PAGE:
In 1838 the German educator Friedrich Fröbel laid the foundations of modern education when he opened the Play and Activity Institute. He soon called it a Kindergarten, reflecting his belief that young children should be nurtured and nourished ‘like plants in a garden’. A decade later, the changing political climate led to a policy that prohibited all kindergartens from operating — Fröbel had to shut the doors of his institute. What followed was a personal crisis for the passionate educator and a diaspora of young kindergarten teachers leaving Germany and opening early childhood education centers all around the world. And then the story takes an interesting twist.
The full story
In 1838 the German educator Friedrich Fröbel laid the foundations of modern education when he opened the “Play and Activity Institute”. Fröbel soon called his institute a Kindergarten, reflecting his belief that young children should be nurtured and nourished “like plants in a garden”.
Fröbel, who studied under the Swiss educator Johann Pestalozzi, established the idea that games and playing are typical and essential forms of life. Activities in the kindergarten included singing, dancing, gardening, and self-directed play. Quality time spent like this was a considerable improvement to the life of many children, given that the alternative was often to help parents with work.
He also introduced the concept of “Frei-Arbeit”, which can be translated into “free work”. During set periods of time, children were allowed to work on things by themselves. Where many adults saw pointless play, Fröbel saw important learning taking place. While practicing their concentration skills and resilience, the children also learned about engineering, logic and physics.
To help facilitate this process, he developed a set of educational toys known as Fröbel Gifts. The set contained 20 objects, such as balls, blocks, and sticks. Fröbel carefully designed the toys to help the children in his kindergarten recognize and appreciate common patterns and forms found in nature.
His innovative ideas soon found appeal and many young educators came to learn from Fröbel and to see the immense potential displayed by children at his institute. Later, many of Fröbel’s students opened their own Kindergartens and Germany experienced rapid growth in the number of early childhood centers.
Then something bad happened
After suppressing the German revolutions of 1848–49, the Prussian government started a crackdown on new democratic ideas and women were forbidden from being politically active. The fact that some were operating a kindergarten all by themselves was seen as problematic.
And so it didn’t take long for the government to label Fröbel’s Kindergarten ideas as dangerous to both the State and church; soon all schools that followed Fröbel’s principles were banned.
For Fröbel, who saw his life’s work destroyed and the future of all the children disrupted, this was a terrible blow. He died in dismay just a year later. But the ban caused a diaspora of kindergarteners who could no longer work in Germany, spreading Fröbel’s ideas all over the world. One of Fröbel’s students founded the first kindergarten in the United States in 1856. But the story was far from being over.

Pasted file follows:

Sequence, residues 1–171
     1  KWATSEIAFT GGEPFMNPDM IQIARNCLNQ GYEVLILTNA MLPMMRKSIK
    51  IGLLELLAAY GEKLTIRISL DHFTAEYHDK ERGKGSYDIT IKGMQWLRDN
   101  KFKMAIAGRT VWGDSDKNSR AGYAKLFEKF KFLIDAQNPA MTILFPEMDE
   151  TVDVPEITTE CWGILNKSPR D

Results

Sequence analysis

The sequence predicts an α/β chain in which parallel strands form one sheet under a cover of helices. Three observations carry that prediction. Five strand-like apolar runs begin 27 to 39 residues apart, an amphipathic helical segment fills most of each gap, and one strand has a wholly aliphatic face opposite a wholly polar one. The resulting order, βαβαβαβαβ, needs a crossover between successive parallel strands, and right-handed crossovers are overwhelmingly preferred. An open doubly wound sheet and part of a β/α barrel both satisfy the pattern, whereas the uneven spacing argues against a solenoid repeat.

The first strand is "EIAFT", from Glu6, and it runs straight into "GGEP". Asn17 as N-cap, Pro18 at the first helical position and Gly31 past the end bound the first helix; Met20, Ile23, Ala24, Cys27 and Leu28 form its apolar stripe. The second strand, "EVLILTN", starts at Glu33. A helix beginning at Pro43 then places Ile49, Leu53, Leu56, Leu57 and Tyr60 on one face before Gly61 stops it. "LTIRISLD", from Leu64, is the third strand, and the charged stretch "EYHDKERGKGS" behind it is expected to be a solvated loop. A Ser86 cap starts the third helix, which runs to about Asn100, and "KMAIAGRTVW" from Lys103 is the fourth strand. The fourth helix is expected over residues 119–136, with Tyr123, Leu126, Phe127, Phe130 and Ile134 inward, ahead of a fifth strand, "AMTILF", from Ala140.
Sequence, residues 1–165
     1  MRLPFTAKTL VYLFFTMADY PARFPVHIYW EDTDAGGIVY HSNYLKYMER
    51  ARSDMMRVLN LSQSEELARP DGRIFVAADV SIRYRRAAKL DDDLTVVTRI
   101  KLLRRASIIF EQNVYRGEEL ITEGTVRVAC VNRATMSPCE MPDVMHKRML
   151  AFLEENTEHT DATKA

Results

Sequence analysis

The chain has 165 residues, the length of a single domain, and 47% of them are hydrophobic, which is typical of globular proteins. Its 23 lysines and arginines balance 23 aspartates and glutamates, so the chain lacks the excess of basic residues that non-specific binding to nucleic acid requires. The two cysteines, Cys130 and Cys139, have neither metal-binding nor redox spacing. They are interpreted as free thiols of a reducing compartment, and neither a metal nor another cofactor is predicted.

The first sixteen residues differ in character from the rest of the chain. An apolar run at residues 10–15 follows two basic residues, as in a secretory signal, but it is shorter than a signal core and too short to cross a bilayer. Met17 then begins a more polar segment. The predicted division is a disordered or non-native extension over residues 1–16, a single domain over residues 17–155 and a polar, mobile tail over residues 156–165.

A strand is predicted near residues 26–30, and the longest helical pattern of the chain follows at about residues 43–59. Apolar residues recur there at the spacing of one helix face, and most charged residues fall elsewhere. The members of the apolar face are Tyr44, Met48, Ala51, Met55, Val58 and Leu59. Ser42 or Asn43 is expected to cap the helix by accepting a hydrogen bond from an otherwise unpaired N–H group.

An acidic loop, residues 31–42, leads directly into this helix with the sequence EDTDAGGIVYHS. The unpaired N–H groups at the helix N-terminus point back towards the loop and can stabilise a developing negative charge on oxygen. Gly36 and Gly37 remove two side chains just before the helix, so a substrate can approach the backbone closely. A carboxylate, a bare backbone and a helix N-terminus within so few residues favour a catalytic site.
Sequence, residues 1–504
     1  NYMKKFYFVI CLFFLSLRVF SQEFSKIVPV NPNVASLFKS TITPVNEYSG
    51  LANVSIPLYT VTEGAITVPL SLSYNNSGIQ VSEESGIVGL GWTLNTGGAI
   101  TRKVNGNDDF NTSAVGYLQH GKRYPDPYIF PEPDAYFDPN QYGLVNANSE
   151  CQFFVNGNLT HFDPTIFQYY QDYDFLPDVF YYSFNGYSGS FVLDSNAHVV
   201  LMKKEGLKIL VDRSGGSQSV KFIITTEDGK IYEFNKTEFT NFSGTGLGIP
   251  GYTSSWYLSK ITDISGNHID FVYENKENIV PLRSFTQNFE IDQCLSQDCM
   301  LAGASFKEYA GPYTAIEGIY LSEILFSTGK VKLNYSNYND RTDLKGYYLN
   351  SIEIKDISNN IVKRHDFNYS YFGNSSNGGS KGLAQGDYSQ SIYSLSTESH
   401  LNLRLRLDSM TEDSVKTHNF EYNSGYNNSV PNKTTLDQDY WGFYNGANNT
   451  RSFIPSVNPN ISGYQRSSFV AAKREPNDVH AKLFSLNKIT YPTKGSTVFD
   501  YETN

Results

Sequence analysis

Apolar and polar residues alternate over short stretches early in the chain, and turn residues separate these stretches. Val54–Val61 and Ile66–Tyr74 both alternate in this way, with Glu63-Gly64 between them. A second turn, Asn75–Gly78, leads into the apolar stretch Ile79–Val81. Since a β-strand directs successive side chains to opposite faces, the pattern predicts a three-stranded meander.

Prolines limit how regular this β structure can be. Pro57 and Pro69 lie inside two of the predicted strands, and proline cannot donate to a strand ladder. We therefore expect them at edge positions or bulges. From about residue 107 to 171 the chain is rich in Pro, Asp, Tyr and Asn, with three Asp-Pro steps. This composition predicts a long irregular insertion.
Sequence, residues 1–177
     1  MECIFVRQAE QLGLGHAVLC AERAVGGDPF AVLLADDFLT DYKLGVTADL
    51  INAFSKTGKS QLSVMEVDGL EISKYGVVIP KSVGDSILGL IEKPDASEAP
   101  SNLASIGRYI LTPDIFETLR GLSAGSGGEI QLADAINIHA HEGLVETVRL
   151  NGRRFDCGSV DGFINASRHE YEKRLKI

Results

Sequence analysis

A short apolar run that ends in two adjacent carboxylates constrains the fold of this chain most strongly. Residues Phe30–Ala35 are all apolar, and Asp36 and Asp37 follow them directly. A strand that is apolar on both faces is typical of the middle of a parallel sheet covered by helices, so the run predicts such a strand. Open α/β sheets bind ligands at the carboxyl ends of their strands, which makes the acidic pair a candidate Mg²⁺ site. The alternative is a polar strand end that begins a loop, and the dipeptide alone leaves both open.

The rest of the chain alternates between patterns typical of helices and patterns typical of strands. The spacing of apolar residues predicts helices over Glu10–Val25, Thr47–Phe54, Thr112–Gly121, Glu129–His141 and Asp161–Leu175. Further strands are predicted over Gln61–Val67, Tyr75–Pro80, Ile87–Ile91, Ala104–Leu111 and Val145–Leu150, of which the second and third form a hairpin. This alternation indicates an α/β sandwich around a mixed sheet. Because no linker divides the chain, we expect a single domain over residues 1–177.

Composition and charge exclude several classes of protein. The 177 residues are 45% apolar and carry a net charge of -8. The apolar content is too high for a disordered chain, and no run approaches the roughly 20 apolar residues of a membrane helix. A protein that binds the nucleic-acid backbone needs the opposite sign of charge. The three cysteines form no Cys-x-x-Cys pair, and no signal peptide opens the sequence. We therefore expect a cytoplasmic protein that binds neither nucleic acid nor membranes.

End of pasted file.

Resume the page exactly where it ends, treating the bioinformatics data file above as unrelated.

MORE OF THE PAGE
20 years later
Exactly 20 years later, a young woman named Anna Lloyd Jones stumbled upon a set of Fröbel’s Gifts at a visit to the first World’s Fair in the United States. Anna, a teacher by training, was so excited by the wooden toys that she bought a set for her nine-year-old son.
Little Frank loved the toys his mother brought home and began building all kinds of geometrical structures — first with the wooden toys, later in miniatures and with other materials. Without formal training, Frank Lloyd Wright became one of the world’s most renowned architects, responsible for some of the most iconic buildings in modern architecture, many of which resemble Fröbel’s toy blocks.
Germany lifted its ban on kindergartens in 1860, realizing that it was a terrible mistake. And while Fröbel wasn’t around anymore to witness the rebirth of his ideas in his homeland, they continued to spread around the world and became an inspiration for Maria Montessori, Rudolf Steiner, and many others who set out to innovate formal education.
Fröbel once said that “Play is the highest expression of human development in childhood, for it alone is the free expression of what is in a child’s soul.” Frank Lloyd Wright described the influence of such play in his approach to design as follows: “For several years, I sat at the little kindergarten table-top… and played… with the cube, the sphere and the triangle—these smooth wooden maple blocks… All are in my fingers to this day.”
What about you?
How was your personal experience with play and learning when you were young? Did you go to kindergarten? And what are your thoughts on the play as a way of growth and development? Share your thoughts!
“It’s ironic how kindergartens are doing everything opposite of Froebel.”– Hakim Diwan
- Friedrich Fröbel – Wikipedia
- Fröbel’s gifts – Wikipedia
- Kindergarten – Wikipedia
- Frank Lloyd Wright – Wikipedia
Read what science has to say about attending kindergartens 🙂
Or check out this summary on Montessori school education by us!
Let’s try designing our own kindergarten based on Froebel’s ideas. Brainstorm as a class all of the things that you think will be required. What kind of furniture would be best? How many toys will we need? How should the teachers behave? There’s lots to plan to create your own kindergarten. Let us know what your class thinks are the most important factors in the comments below!
One Reply to “Froebel’s Kindergarten: The Origins of Early Childhood Education”
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